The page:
QuickFix: Saucy Nuggets from the Jets' win over the Broncos

We're going to kick off today's analysis with some things you might not have noticed from yesterday's game:

It's here!

We did it you guys! MEANINGFUL DECEMBER RUGBY is on the way!

At 5-2, the Jets are now in a situation where even if they lose their next four games the Jets will still be 5-6 with six games to go and will enter the game against Minnesota on December 4th guaranteed to be in the postseason mix.

In fact, even if they were then to go on and lose their next three and drop to 5-9, there's still a good chance they won't have been mathematically eliminated yet entering their final December game, because 8-9 could theoretically still be enough to get you into the postseason. Of course, we hope and expect them not to lose seven in a row, which obviously means these games will be even more meaningful. It should be fun not to have to worry about draft pick scenarios too.

So, all four of their December games are practically guaranteed to be meaningful. This is all we wanted guys! Drink it in and get ready.

Let's try to cut Zach some slack

Zach Wilson was objectively poor in this game. His line -- 16 for 26 for 121 yards -- tells the story that the Jets didn't need him to do too much to be able to win the game and, as long as he didn't make a big mistake that was potentially going to be enough.

Wilson completed just two passes that went for more than 10 yards and both were on dump-offs; a wide receiver screen to Garrett Wilson for 12 and a check-down to Ace Carter for 37.

He only tried to throw downfield a few times with no success and one of these should have been intercepted, although there was a defensive penalty on the play anyway.

You can make some excuses for him: He was without his top two receivers, he was running for his life because they lost one of their most important linemen, the Broncos are one of the best defenses they'll see all year. However, it's difficult to defend his lack of success. Nevertheless, you can perhaps credit the coaching staff with not asking him to do too much or giving him enough rope to hang himself with. The end result: He's 4-0 as a starter without really getting off the runway yet.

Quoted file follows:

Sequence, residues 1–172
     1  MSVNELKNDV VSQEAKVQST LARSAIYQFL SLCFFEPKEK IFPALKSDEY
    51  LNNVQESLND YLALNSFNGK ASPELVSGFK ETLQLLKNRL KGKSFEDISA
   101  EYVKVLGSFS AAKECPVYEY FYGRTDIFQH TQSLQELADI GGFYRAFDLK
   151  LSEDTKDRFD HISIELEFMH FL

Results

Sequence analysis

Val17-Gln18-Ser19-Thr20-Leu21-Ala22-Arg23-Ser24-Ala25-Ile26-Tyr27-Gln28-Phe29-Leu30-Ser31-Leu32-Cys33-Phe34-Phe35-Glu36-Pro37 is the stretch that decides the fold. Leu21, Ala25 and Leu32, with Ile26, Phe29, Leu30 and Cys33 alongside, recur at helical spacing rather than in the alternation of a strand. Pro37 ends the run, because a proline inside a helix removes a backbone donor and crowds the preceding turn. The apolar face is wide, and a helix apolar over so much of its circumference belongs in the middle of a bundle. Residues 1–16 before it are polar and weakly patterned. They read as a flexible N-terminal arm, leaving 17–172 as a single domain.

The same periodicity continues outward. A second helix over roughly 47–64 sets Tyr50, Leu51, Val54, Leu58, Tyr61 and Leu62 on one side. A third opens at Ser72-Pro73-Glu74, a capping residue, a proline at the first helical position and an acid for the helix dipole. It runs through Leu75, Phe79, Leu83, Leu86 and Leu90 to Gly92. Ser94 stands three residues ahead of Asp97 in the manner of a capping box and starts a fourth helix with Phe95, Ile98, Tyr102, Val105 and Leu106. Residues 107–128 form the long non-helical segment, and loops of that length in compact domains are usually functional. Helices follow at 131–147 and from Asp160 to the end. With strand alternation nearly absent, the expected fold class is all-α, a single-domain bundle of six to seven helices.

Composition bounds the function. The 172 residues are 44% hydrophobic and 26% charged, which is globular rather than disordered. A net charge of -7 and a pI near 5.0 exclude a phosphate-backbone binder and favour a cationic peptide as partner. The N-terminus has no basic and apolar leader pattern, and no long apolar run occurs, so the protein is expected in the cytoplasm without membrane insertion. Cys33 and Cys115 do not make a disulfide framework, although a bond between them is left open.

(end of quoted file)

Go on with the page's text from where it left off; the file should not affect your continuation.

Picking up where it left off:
What positives can be said about Wilson's performance, though? Had Joe Flacco played in his place, maybe he has some more success in the quick passing game, but it seems inevitable he'd have been sacked several times. The one thing Wilson did well was (mostly) avoiding sacks, even if it was just so he could throw the ball away.

One interesting play came on the down before the Jets kicked their last points of the game to make it 16-9. Obviously, if the Jets had managed to keep this drive going and score a touchdown, the ending would not have been so tense and they perhaps had an opportunity here.

Wilson has nowhere to go on third down, but rolls out to extend the play. At this moment, Jeff Smith leaks downfield and his man stumbles, giving Wilson a chance to complete the ball downfield for a first down or maybe even a touchdown.

This may have been worth the risk and it looks like Wilson has his head up and will have seen this possibility, but in the moment he has to weigh up several factors.

Can he make the throw? Probably, but the defensive back does recover from the stumble, so he'll need to put touch on the throw and potentially squeeze it into a tight window. As noted, he basically didn't make a downfield throw all day, so this may have been something he lacked confidence in at the time, like a shooter turning down a jump shot due to not being in rhythm.

Can Smith make the catch? Of course, but Wilson perhaps factored in that it was only Smith and not one of his other targets that he might have more faith in.

What's the downside? Of course, an interception is a risk on any throw, but even an incompletion here would give the Broncos an important extra 40 seconds of time within which to potentially make their comeback.